£80bn: Rising cost of student loans that they will never be able to repay
At present, Department for Business, Innovation and Skills (BIS) estimates the unrecoverable outstanding debt to be up to £18 billion
Richard Garner has been Education Editor of The Independent for 12 years and writing about the subject for 34 years. Before becoming a journalist, he worked as a disc jockey in London pubs and clubs and for a hospital radio station. His main hobbies are cricket (watching these days) and theatre. On his days off, he is most likelt to be found at Lord’s or the King’s Head Theatre Club.
Friday 14 February 2014
The Government is seriously underestimating the cost of student loans that will never be paid back, a committee of MPs warns on Friday.
A report by the influential Public Accounts Committee (PAC) warns that ministers have consistently underestimated by about eight per cent the amount of debt that will be recovered from students.
At present, the Department for Business, Innovation and Skills (BIS) is estimating the unrecoverable outstanding debt at between 35 and 40 per cent, or up to £18 billion. By 2042, this will have grown to between £70 billion-£80 billion as growing numbers of students take out loans to cover tuition fees of up to £9,000 a year.
However, the report says: “Despite investments to improve the forecasts in recent years, the Department’s model for estimating future loan repayments still consistently over-estimates annual repayments by about eight per cent compared with the amounts actually collected.”
Margaret Hodge, who chairs the committee, said: “We don’t have confidence in [their] figures. We think that the value of student loans never to be repaid could be even higher.”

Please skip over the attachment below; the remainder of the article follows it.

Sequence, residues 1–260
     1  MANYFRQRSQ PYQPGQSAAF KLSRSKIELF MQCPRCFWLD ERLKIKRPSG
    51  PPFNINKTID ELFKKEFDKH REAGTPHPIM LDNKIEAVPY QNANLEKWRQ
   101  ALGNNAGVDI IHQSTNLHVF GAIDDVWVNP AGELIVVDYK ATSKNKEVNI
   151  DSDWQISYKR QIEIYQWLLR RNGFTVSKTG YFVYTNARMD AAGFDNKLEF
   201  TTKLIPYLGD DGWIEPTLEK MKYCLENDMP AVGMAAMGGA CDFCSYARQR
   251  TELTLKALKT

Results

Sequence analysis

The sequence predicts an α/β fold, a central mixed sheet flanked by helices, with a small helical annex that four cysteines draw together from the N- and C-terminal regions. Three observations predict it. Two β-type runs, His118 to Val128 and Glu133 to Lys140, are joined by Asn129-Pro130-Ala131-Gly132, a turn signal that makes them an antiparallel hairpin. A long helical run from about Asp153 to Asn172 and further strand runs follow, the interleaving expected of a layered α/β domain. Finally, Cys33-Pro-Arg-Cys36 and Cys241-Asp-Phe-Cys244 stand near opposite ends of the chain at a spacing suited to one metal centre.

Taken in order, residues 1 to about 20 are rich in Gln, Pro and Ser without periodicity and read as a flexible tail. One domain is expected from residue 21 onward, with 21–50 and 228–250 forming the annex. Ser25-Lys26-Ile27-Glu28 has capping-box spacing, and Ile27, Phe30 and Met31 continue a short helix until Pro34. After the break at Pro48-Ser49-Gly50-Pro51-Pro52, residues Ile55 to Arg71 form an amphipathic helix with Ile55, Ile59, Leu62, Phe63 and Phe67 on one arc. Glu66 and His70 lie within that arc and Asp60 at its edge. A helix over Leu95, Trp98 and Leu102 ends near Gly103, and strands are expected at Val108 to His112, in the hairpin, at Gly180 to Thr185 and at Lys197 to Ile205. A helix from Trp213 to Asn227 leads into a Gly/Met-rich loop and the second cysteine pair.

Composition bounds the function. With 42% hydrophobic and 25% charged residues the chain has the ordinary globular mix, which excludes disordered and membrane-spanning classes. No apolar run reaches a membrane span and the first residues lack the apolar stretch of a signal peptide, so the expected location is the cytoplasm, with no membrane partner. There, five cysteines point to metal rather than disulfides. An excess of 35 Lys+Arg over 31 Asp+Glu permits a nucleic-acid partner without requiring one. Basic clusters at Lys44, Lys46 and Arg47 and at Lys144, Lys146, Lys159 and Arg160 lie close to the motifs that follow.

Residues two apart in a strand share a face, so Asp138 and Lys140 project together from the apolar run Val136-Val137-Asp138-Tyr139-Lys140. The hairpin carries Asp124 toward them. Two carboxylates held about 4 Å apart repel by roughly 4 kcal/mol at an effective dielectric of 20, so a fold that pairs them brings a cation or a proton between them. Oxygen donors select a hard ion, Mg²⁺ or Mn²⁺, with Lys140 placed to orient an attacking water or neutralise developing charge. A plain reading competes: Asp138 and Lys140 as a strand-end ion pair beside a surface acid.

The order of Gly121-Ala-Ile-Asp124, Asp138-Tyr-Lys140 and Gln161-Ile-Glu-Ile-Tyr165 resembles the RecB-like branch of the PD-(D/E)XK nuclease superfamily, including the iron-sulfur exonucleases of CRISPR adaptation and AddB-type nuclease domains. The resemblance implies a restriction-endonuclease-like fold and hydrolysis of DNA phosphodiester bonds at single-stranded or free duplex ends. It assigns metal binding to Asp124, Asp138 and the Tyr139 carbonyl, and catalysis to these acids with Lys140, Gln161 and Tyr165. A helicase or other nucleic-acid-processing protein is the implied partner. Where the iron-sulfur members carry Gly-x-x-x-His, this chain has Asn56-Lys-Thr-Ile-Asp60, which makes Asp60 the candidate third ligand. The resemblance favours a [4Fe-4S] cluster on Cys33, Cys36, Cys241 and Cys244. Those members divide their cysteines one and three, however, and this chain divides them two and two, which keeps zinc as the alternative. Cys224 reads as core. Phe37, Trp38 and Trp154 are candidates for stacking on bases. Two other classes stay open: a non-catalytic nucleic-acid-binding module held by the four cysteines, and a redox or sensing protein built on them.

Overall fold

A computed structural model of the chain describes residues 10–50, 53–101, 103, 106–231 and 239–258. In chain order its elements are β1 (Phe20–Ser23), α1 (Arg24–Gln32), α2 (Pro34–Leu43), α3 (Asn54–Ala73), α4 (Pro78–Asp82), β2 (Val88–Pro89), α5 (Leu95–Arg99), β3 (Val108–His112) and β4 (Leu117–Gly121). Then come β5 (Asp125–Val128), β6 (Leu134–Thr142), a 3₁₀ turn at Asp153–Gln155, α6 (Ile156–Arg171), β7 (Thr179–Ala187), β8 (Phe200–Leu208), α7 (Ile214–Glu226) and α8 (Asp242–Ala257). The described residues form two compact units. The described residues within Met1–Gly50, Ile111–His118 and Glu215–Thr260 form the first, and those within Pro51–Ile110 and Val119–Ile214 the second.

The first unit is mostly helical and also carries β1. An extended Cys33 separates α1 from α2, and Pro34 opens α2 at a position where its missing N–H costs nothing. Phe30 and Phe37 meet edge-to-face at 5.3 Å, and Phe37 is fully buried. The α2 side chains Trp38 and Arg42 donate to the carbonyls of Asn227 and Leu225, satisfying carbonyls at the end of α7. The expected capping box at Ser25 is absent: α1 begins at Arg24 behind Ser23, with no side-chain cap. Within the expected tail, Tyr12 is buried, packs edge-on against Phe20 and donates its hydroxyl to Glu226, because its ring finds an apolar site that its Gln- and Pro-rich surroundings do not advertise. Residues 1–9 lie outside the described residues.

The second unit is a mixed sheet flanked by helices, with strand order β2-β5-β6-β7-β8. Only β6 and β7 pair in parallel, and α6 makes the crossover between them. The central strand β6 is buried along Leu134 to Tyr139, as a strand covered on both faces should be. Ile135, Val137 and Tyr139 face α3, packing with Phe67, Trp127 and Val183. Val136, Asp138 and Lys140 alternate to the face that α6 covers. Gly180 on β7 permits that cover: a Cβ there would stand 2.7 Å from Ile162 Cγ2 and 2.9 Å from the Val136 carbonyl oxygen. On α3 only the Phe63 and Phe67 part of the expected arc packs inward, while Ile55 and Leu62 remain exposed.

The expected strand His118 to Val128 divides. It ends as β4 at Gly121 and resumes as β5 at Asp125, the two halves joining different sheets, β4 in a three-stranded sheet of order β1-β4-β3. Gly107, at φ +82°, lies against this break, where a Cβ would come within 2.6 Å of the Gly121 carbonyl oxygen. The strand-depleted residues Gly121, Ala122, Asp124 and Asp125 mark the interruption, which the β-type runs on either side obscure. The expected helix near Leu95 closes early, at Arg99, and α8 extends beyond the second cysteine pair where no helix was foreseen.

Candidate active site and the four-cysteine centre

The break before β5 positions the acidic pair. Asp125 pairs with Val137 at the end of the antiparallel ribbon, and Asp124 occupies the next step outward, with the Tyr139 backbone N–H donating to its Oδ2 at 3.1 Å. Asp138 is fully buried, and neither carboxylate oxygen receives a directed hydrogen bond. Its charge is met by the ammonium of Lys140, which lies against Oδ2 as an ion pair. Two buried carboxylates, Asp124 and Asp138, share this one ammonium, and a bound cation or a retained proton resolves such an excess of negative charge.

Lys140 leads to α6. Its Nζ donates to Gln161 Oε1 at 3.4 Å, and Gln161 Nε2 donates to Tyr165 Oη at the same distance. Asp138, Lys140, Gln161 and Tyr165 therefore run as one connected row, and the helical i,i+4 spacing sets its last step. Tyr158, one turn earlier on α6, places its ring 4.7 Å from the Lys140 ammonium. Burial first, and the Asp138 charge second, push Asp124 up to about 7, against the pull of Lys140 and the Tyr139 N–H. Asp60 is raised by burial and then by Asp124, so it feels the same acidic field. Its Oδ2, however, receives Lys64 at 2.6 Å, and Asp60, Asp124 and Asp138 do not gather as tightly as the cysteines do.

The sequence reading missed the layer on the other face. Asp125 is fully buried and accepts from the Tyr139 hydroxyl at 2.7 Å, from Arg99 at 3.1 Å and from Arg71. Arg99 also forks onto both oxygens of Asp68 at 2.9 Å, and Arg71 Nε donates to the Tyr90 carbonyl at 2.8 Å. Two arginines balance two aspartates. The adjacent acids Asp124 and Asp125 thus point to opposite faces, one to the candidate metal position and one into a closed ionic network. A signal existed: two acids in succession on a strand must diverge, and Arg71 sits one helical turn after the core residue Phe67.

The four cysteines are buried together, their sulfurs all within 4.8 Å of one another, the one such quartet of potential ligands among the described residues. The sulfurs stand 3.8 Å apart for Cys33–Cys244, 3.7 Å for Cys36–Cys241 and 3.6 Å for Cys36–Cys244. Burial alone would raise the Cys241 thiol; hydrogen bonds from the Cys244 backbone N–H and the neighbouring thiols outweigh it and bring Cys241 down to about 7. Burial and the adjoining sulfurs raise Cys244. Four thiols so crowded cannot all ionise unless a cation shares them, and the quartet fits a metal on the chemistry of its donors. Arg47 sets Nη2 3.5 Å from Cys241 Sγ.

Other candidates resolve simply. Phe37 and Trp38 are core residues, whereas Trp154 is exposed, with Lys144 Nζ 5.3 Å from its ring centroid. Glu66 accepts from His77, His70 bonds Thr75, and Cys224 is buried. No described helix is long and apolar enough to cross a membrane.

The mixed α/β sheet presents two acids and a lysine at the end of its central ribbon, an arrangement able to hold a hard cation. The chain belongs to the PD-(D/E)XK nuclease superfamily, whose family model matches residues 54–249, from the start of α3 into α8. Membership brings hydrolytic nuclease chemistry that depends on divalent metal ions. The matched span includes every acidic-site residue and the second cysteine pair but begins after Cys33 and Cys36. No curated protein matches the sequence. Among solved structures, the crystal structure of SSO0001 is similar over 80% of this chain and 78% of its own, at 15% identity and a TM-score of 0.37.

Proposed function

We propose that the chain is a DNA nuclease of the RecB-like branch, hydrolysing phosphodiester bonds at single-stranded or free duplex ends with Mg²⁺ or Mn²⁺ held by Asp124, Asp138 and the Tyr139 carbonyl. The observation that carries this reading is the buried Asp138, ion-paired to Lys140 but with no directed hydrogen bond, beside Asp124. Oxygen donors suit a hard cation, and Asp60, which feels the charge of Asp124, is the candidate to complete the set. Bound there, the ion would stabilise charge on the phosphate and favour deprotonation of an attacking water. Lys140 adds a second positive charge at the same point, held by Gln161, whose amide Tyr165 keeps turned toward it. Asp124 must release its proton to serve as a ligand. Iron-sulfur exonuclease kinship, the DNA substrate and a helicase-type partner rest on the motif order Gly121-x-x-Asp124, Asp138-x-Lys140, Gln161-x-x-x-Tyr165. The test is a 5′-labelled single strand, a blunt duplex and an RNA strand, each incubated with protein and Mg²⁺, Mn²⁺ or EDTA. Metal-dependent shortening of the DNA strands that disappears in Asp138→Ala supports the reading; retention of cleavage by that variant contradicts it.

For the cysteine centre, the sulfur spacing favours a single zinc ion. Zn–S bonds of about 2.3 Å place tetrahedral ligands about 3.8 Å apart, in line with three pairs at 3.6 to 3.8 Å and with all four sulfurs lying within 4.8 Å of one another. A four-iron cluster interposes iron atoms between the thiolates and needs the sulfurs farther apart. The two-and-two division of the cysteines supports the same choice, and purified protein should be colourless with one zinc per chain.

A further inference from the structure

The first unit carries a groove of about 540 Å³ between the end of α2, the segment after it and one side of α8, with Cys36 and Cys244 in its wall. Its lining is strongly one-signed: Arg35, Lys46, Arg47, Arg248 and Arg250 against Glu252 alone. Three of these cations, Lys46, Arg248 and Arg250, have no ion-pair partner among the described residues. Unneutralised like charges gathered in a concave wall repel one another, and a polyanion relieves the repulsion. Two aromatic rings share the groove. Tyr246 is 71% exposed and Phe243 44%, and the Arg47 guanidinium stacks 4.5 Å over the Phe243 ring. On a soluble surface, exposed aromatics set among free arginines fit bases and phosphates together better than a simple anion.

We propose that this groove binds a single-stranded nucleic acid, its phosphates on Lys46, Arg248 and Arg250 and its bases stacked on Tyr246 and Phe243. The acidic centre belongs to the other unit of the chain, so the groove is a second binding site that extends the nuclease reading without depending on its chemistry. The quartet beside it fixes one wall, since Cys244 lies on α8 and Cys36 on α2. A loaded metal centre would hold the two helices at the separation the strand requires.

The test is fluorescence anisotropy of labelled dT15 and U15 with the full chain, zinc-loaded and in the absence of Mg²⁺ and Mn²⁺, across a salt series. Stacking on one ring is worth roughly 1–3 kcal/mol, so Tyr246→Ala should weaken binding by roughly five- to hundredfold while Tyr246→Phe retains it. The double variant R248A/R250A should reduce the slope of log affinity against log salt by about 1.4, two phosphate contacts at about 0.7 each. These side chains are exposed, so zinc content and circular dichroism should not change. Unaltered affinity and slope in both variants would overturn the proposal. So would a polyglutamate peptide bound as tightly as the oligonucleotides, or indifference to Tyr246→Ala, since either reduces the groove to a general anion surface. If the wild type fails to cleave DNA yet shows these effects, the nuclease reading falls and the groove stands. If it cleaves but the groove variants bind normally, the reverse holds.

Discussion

The committee also wants the Student Loans Company to get tougher in its approach to debt collecting, after it was unable to provide evidence on the whereabouts of more than 368,000 UK and foreign students who were still classed as owing money.
Martin Freedman, of the Association of Teachers and Lecturers, said the PAC report was “alarming”, and “paints a picture of a student loan system that is not only in a complete mess but is likely to get much worse”.
“With the Government freezing public sector pay increases, many graduates who go into teaching and social work and other public sector jobs will struggle to repay their loans month-to-month and will still never pay off the loan,” he added.
Liam Byrne, Labour’s Shadow Minister for Universities, said it was now “crystal clear that the system ministers have put in place is unsustainable and is going bust”.
A spokesman for BIS said: “The Government has an effective and efficient process for collecting student loans through the tax system resulting in high collection rates at low cost which we believe demonstrates value for money. We acknowledge that there is room for improvement in certain areas.”
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